Venture Capital Comes to the Capitol

At long last, the Wisconsin Legislature has enacted a state-leveraged venture capital fund of funds, but now comes the real test — will it really help Wisconsin grow its strongest industry sectors and boost its comparatively lackluster business formation?

The $25 million program, which could be up and running by Jan. 1, 2014, and make its first investment sometime next year, will provide venture capital to qualified startup companies in the advanced manufacturing, engineering, agriculture, information technology, and medical-device industries. All of the funds must be invested in Wisconsin-based businesses.

Even some lawmakers who supported the program contend it’s too small and limited in terms of the industries it helps — biotech firms need not apply just yet — but after two failed legislative attempts to establish a venture capital program, a coalition of venture capital advocates purposely designed the program to avoid certain pitfalls.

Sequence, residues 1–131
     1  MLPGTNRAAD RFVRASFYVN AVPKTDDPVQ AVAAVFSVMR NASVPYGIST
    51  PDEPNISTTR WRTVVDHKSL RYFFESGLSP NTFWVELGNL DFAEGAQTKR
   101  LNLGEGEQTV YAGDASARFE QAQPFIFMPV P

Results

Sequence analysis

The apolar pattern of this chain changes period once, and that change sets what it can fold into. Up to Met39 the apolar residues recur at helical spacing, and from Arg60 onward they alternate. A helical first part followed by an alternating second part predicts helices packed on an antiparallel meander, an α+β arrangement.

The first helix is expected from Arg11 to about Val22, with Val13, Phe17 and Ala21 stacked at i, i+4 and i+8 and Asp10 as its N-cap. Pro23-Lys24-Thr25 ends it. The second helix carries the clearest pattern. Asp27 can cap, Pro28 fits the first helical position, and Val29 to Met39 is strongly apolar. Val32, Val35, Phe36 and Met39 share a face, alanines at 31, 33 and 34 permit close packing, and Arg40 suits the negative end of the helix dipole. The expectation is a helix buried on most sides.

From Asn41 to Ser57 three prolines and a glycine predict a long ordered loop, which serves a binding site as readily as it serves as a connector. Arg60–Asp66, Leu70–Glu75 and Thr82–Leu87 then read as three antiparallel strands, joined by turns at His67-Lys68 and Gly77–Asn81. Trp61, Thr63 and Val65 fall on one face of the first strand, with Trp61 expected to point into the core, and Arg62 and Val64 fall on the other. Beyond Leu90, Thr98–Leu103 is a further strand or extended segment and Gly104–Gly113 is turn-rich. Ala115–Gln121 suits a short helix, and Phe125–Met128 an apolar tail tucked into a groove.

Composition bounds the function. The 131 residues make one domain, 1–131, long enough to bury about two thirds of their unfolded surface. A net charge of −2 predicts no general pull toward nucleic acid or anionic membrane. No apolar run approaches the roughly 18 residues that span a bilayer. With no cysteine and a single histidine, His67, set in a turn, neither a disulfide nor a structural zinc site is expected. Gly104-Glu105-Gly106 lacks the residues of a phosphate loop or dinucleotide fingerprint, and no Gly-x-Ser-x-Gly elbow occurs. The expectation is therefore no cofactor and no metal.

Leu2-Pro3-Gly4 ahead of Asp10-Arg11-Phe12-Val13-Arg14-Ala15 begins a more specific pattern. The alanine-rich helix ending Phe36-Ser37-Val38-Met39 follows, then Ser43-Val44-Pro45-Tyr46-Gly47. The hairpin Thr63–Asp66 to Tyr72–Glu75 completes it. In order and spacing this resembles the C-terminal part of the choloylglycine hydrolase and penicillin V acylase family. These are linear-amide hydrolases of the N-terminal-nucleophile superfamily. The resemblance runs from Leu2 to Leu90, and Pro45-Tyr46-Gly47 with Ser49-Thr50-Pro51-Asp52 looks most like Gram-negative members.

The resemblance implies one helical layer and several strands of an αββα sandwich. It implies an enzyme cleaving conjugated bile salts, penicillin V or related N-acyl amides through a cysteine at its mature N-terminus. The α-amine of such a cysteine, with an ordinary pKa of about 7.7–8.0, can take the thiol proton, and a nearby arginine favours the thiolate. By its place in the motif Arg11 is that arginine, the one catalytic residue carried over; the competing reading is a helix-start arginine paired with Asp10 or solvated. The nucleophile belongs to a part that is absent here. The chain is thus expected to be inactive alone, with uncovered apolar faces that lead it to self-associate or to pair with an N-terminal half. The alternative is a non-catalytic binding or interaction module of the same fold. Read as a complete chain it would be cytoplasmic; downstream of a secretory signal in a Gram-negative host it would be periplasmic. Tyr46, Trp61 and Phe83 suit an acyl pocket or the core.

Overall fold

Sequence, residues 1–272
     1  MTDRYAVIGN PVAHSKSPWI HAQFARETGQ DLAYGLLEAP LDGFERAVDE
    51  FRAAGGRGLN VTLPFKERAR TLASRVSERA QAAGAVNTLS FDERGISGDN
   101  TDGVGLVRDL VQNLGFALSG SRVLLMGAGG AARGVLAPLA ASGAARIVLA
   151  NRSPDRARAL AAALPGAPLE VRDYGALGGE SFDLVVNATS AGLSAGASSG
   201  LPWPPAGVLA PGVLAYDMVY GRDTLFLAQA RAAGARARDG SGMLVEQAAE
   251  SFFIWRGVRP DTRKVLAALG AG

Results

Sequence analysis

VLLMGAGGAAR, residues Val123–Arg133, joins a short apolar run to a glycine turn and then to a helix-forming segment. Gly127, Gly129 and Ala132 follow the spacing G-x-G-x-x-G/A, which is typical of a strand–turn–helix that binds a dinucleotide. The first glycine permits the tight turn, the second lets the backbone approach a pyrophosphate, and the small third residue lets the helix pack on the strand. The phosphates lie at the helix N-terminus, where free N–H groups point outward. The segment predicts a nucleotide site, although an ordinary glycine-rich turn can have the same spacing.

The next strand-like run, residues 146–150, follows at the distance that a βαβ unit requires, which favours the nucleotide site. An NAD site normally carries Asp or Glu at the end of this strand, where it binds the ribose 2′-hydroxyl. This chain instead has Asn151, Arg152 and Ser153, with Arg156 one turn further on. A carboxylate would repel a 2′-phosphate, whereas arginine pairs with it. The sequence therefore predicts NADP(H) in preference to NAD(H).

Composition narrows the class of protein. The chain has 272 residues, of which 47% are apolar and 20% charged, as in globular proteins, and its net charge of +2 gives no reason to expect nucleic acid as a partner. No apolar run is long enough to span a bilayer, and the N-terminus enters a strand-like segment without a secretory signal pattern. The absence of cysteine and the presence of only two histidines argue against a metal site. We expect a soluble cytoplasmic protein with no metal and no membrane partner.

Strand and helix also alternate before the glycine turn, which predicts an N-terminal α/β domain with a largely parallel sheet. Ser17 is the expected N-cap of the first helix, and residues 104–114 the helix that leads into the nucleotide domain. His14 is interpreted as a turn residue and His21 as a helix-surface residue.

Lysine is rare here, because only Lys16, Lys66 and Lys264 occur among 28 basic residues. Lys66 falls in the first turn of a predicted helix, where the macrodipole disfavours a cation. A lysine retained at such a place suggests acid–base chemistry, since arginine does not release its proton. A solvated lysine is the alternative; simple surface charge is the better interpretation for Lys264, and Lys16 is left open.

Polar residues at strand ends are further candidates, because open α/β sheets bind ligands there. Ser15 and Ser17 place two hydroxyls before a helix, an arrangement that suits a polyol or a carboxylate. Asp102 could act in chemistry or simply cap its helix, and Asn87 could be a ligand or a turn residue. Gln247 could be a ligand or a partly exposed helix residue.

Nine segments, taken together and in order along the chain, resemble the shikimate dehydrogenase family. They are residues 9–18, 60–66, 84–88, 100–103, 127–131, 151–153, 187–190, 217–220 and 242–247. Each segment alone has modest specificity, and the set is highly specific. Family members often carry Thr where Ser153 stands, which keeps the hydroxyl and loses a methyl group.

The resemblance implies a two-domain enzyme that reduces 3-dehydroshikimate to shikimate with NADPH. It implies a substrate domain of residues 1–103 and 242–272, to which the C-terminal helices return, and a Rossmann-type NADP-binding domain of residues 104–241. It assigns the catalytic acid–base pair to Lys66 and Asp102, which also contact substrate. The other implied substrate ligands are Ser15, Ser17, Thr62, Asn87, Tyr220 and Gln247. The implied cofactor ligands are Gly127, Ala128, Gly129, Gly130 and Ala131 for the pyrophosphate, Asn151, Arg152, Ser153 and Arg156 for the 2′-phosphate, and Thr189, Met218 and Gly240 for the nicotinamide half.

The result was overwhelming votes in both legislative bodies, as the State Assembly adopted the program by a vote of 91-2 and the State Senate endorsed it by a vote of 29-3. For a bill that would commit millions of dollars of general-purpose revenue, those are legislative majorities that are almost unheard of.

“You always want more money, but it’s a positive first step,” stated Steve Lyons, government affairs advisor in the Madison office of Whyte Hirschboeck Dudek and president of the Wisconsin Growth Capital Coalition. “This sends a strong signal to investors and startup companies that Wisconsin is focused on this and understands their needs.”

A capital idea?

In terms of translating venture capital into economic growth, neighboring states have the jump on Wisconsin. More than 30 states now have a state-leveraged venture capital program, including several of Wisconsin’s neighbors. Minnesota, for example, can boast that 19% of its workforce is attributable to venture capital deployments. In Wisconsin, only 3% is attributable to VC investment, so there are high expectations for a program that promises to increase the amount of capital for businesses and job creation.